Alim in Herland, Final Chapter

Fall arrived. I worked at the hospital. I visited pregnant Ellador and pregnant (again) Celis. I made jokes with my companions. I learned soldiers' stories, sitting by their beds after I operated on them.

I sobbed some nights when I was too tired to think and couldn't stave off my fears, the things I hoped wouldn't come to pass, wouldn’t turn out to be true. I trooped between Har and the village with messages and supplies.

I was at Har, discussing medical supplies for prisoners with Juste when Moadine came to fetch me.

“I need Alim,” she said. “An important surgery.”

There were three Herlander surgeons by then: Taila, Sabine, and me. Taila and Sabine were both in the village. Jeff—not a surgeon but an adequate doctor—sometimes tended to soldiers in the fortress, but he was currently wholly occupied with Celis's second pregnancy. I left Juste to finish up the list and joined Moadine in her car.

She drove rapidly down the mountain roads while I watched the scenery of high trees and rocky outgrowths flash by, leaning on the car door like a boy of twelve.

Speaking of which—

“Did you truly not know I was male when I came to the plains?” I said as we swept around the town of Jontz to join the road coming up from the factories in the west. I turned my head on my arm and studied Moadine.

She laughed. “I knew years before,” she admitted.

“Don't tell me one of your spies is Juste's companion!” I said, faintly horrified though I wasn't sure why. Juste never kept secrets from anyone in Har.

Moadine laughed again, a full laugh with her head back.

She said, “People voluntarily tell me things.”

I could believe it.

I said, “When I came to the plains as a boy—did that worry you?”

“You weren't always happy,” she said. “But you were Miranda's child, so I knew you were tough or could be, knew you had it in you to survive, find a purpose.”

Herland rhetoric. From Moadine, it sounded natural.

She said gently, “Miranda volunteered—rather like you at the hospital.”

“That's all Terry.”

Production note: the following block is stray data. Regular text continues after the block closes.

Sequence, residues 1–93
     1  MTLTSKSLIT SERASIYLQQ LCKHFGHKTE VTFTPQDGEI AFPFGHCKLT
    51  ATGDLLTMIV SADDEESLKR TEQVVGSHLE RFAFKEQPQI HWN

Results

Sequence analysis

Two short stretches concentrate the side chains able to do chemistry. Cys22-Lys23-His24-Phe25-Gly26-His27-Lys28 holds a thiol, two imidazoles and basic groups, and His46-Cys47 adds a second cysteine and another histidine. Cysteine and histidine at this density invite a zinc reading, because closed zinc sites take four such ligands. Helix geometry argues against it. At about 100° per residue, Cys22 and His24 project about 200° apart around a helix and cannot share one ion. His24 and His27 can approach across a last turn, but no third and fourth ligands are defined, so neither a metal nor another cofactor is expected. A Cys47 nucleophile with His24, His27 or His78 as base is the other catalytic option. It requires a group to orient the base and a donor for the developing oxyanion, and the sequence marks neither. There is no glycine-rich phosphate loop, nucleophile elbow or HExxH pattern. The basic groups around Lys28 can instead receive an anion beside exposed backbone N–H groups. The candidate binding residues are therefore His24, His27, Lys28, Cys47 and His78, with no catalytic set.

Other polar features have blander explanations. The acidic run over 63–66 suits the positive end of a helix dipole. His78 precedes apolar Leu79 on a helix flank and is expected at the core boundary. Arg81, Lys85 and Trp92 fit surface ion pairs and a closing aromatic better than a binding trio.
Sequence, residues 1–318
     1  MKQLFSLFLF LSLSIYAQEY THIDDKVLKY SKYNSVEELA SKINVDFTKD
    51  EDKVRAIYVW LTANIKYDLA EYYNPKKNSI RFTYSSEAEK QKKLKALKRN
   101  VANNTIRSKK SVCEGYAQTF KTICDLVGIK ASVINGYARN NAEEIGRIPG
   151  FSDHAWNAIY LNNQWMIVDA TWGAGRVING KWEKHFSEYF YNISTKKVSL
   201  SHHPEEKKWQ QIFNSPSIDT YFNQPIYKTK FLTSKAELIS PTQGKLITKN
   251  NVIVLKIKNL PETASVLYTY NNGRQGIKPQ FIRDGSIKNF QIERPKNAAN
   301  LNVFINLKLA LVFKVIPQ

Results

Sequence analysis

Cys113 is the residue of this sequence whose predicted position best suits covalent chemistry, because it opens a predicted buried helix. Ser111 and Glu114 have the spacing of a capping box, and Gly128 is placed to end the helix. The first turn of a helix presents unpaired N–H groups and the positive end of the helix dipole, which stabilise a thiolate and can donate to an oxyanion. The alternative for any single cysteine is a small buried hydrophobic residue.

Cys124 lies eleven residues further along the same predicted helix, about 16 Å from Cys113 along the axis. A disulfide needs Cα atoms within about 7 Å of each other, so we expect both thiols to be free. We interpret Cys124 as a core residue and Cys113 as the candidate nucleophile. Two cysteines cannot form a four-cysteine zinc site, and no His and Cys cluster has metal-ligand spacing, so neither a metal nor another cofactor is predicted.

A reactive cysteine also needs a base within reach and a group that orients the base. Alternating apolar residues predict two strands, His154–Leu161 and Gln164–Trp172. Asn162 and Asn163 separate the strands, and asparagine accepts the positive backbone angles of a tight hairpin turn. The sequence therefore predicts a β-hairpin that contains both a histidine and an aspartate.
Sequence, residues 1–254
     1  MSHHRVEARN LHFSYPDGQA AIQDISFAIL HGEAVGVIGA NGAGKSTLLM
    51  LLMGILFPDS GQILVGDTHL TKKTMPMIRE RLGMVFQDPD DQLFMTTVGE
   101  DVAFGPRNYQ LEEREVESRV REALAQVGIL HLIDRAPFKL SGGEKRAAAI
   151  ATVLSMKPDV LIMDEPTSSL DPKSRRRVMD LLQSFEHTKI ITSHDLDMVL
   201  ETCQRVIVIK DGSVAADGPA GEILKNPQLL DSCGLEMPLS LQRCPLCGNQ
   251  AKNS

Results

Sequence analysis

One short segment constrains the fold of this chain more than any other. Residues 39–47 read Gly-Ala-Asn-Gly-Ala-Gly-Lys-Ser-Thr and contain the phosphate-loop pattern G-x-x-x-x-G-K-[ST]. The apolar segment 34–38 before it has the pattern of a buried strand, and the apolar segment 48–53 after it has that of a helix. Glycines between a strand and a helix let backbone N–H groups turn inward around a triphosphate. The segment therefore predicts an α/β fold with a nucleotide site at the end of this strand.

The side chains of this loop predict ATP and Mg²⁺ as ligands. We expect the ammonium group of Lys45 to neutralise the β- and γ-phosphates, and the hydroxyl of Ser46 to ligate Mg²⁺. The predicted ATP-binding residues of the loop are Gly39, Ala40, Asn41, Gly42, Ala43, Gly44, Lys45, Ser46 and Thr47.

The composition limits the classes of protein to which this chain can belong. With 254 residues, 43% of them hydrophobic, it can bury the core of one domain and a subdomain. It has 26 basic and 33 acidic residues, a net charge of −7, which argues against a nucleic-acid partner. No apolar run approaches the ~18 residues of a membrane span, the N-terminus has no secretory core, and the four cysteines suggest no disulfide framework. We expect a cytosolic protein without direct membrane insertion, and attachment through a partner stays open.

“No. His idea, perhaps. And a wise one. But nobody sticks at anything like you have done without desire, commitment, belief. You are a good man, Alim.”

I breathed that in. I looked away, so she couldn't see the moisture in my eyes (not that she would mind) and pressed my face to my arm.

I woke when it was dusk, sprawled in the passenger seat, head lolling. The car was slowing outside massive stone walls, and I recognized the fortress. I sat up, tilting my head and rolling my shoulders.

“Dinner time,” I hazarded since we'd left Har in mid-afternoon and the fortress is three hours away by car.

“A little after seven.” Moadine threaded the narrow, arched gate and began the slow climb up cobblestone roads. When we reached the keep, the tower, she pulled into a courtyard and parked. We got out.

I had my medical kit with me, and I jogged up the narrow steps to the wide grass lawn bordered by the wall that Terry and Van and Jeff had once escaped across. The gymnasium had become a hospital dormitory; a row of beds along the wall faced the windows and door. The fortress didn't get as many wounded as we did in the village, but Somel ran it, and she liked to be prepared. I suspected she foresaw the keep as a future hospital for Herland, one with updated machinery based on medical advances in the outside world. In the meantime, it doubled as a military clinic.

There was currently one patient in the farthest bed. I went towards it, came up on it with the faint light of the glowing lamps above me and the half-light of dusk behind me and saw Terry asleep on the white-sheeted cot.

“He landed near the lake two days ago,” Moadine said. “The scouts spotted him and sent out a team. We didn't know it was Terry, of course. Not until we reached him.”

I nodded. I sat on the side of the bed and studied the bearded face. He was thinner there, despite the beard, thin all over. I examined him thoroughly, noting old burns and scars. New ones. He had a broken leg, but it had already been set. “By Jeff,” Somel told me. “He couldn't leave his friend in pain.”

I checked the splint anyway. Then I settled back on the side of the bed while Moadine told me of Terry's arrival.

“The plane was shredded. He was obviously attacked. And he came here, forced that plane to carry him back to us. To you.”

I nodded and took his hand. Moadine set hers on my shoulder.

“He will recover,” she said. “He'll get better. And when he wants to leave, he can go. And you. Nobody can stop you.”

“Thank you,” I said when she reached the outside door. I said it softly and looked up to say it louder, but Moadine was already turning back, and I saw her smile in the light above the door.

“I'm so glad,” she said and went out.

I sat there through the night. Somal checked in a few times as well as a nurse who carried blankets and asked quietly if the patient was cold. I took an extra one and tucked it around Terry more closely. I picked up his hand again and waited.

Dawn came, the light soft and cold yet brighter still than the dormitory's artificial product. It filled the windows that lined the opposite wall, sent ambassadors to stroke the sides of the cot. I yawned as Terry stirred.

He opened his eyes, saw me. And I guess I hadn't changed so much because he said, “Alim” and grinned a Terry grin. I let one side of my mouth slide upwards, relaxing, believing.

“Hullo, boy,” he said. “I told you I'd come get you.”

The End